The Wild Man of Ocheesee Pond - Jackson County, Florida
Ocheesee Pond
The capture of a "wild man" here during the late
19th century is one of the most overlooked yet
intriguing Bigfoot incidents in American history.
Wild Man of Ocheesee Pond
The entire northern end of the
pond is covered by a cypress
swamp miles in extent. It was
here the "wild man" roamed.
From Island to Island...
Accounts of the Wild Man of
Ocheesee Pond indicate he
had a "phenomenal growth of
hair" and swam from place to
The Wild Man of Ocheesee Pond - Jackson County, Florida
A 19th Century Bigfoot Capture
Copyright 2012 & 2014 by Dale Cox
All rights reserved.

Last Update: March 10, 2014
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Creature of the Swamp
The Wild Man was so human-
like in appearance that his
captors originally thought he
had escaped from an asylum.
Jackson County, Florida is blessed with an
abundance of alleged sightings of the
monster that some call Bigfoot.

Reports of these creatures have come from
virtually all parts of the county. In the swamps
and remote woods around Parramore and
Two Egg in eastern Jackson County, for
example, many stories are told of the Two
Egg “Stump Jumper,” a sort of mini-bigfoot
that is often seen in the headlights of cars at
night or lurking in the darkness around rural

Similar sightings have been reported in the
swamps along the Chipola River, particularly
in the Forks of the Creek area between
Malone and Campbellton. Other reports have
come from the swamps along the
Apalachicola River and the vast cypress
forests of Ocheesee Pond.

It was in this last locality in 1884 that a party
of searchers pulled off one of the few
documented captures of a Bigfoot-like
creature that in the parlance of those days
was called the “Wild Man of the Woods.”

Sightings of the Wild Man were nothing new
in the 19th century South. Indians told early
settlers of a strange man-like creature that
roamed remote swamps and woods.
Covered with hair and much taller than
normal humans, the monster was
considered dangerous and most who
encountered him would not approach him.

Located below Grand Ridge and Sneads in
the southeast corner of Jackson County,
Ocheesee Pond was a focal point for early
settlers. More than three miles long and
nearly that distance wide, the clear water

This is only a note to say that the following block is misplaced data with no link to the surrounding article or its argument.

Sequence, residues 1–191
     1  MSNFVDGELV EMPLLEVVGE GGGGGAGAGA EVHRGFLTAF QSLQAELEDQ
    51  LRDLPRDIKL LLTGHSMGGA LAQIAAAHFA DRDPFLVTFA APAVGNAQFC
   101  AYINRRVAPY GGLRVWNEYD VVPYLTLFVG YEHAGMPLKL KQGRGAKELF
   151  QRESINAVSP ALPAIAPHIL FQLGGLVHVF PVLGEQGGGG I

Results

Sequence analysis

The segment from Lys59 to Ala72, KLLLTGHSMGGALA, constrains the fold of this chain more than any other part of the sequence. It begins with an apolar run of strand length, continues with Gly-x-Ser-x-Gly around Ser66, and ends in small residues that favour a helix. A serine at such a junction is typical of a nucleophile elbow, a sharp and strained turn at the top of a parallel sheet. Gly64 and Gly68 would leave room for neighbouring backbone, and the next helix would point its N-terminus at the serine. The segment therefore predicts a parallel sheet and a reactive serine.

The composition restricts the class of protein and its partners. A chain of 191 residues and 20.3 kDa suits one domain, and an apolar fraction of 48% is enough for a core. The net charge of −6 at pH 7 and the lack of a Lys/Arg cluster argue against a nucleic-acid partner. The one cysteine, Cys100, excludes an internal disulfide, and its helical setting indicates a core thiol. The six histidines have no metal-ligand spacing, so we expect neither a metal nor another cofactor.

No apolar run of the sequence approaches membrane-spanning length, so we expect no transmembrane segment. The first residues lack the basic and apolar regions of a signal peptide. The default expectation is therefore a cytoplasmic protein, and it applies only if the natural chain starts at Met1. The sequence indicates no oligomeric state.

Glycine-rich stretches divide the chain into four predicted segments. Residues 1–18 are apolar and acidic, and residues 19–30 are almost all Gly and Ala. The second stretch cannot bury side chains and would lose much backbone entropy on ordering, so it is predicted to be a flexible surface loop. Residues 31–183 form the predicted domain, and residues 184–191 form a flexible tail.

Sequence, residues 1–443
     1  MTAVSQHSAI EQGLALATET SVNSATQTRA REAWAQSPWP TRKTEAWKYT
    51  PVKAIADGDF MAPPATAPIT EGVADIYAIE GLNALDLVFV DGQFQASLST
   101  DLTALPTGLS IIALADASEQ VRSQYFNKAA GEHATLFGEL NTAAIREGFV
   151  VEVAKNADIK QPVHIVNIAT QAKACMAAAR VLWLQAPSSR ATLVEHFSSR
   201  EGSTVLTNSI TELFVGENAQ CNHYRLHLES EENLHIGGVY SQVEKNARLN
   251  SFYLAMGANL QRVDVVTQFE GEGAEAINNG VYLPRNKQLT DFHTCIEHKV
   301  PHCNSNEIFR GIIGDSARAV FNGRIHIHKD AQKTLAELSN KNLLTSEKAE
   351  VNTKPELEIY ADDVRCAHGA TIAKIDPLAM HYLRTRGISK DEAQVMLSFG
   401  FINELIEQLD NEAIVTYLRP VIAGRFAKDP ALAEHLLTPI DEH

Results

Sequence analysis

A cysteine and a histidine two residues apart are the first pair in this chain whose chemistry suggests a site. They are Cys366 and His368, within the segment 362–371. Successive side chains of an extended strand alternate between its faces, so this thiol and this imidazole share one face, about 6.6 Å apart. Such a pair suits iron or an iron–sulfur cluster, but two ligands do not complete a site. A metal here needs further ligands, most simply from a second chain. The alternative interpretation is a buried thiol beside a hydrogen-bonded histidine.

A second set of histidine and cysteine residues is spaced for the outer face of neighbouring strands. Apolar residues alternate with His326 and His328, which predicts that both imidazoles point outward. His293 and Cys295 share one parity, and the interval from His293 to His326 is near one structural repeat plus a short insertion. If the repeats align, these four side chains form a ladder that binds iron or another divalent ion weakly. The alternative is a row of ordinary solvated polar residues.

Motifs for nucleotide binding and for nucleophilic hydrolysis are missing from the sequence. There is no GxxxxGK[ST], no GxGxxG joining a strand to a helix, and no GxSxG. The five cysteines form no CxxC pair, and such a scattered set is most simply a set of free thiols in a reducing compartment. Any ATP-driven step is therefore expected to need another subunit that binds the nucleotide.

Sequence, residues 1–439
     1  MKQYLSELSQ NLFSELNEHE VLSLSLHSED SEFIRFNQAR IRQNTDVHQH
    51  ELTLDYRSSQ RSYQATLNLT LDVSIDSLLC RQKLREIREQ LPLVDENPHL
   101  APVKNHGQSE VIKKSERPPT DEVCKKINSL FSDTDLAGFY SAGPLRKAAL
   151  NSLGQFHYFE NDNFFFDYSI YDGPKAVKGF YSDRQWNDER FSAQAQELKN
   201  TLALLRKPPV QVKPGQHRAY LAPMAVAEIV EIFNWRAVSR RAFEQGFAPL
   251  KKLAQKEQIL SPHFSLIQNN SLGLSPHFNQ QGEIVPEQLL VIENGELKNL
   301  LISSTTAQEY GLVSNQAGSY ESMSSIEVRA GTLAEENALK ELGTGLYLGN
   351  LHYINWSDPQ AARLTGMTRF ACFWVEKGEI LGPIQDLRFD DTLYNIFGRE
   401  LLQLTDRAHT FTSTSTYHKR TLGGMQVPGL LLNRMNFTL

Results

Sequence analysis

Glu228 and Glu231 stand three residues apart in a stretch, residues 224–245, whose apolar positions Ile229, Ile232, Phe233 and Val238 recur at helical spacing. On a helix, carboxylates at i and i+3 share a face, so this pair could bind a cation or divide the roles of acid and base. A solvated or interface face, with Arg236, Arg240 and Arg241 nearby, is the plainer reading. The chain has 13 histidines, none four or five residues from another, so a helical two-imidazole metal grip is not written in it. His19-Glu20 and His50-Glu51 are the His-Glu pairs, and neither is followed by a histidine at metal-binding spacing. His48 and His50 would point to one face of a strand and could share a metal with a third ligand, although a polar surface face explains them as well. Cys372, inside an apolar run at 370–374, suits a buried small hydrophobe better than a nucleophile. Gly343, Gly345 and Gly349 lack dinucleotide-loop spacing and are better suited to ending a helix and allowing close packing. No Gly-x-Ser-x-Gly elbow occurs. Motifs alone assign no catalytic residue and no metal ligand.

pond fills a vast shallow basin.

While there are some sections of open
water, primarily along its southernmost
reaches, most of Ocheesee Pond is covered
with a dense growth of cypress and other
swamp trees. It is a strikingly beautiful place,
but the swamp can easily feel a bit
foreboding as well.

The Wild Man traditionally favored such
dense and swampy locations, but in 1883
local residents nevertheless were surprised
when their neighbors began reporting
encounters and sightings of one of the

He seemed to live on berries and other
edibles that grew wild in and around the
pond and was often seen swimming or
wading as he moved from island to island.
He tried his best to stay away from humans,
but his cries often shattered the nighttime
stillness of the farms and homes nestled
along the shores of the pond.

As the number of sightings increased, so too
did concerns about the safety of local
families. Residents of the pond area
gathered and discussed the situation and
finally decided that an effort should be
launched to capture or drive off the monster.

Men assembled with guns, boats and
horses and a plan was devised by which they
would converge on the creature’s last
reported location from various directions at
Ocheesee Pond
The pond is a noted fishing
spot today and is accessed
by a public boat ramp on its
open southern end.
Many of these men had served only twenty
years before in the Confederate Army. They
knew the pond well and had seen far scarier
things in their lifetimes than a man covered
in hair.

It did not take them long to find their prey and
on August 18, 1884, startling news went out
from Columbus, Georgia:

News brought by the steamer Amos Hays
from Lower River is to the effect that the wild
man captured in Ocheecee Swamp, near
Chattahoochee, and carried to Tallahassee,
did not belong to a Florida asylum, and that
all inquiry proved unavailing to identify him.
He had been swimming in Ocheecee Lake,
from island to island, and when taken was
entirely destitute of clothing, emaciated, and
covered with a phenomenal growth of hair.
He could give no account of himself, and the
theory is that he escaped from an asylum of
some other state, and spent his time in the
woods, living on berries, &c.

Other reports followed, but the details were
consistent. The captured Wild Man acted
insane, was covered with a thick growth of
hair and had lived deep in the swamps.

The newspapers of the time, however, were
silent on the eventual fate of the Ocheesee
Pond Wild Man. Despite the fact that his body
was covered in thick hair, he was human
enough in appearance that his captors
believed that he probably had escaped from
an asylum.

No asylum reported such an odd escapee,
however, and his captors became even more
baffled by the Wild Man.

The last account of him mentions that he
was being sent to Tallahassee and then
back to Chattahoochee after he could not be
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Ocheesee Pond is located a few miles south
of the towns of Sneads and Grand Ridge in
Jackson County, Florida (about 50 minutes
west of Tallahassee). To reach the public
boat ramp take Arkansas Road north off C.R.
280 (Shady Grove Road). The landing is
about 4/10s of a mile straight ahead.
Ghosts & Monsters of the South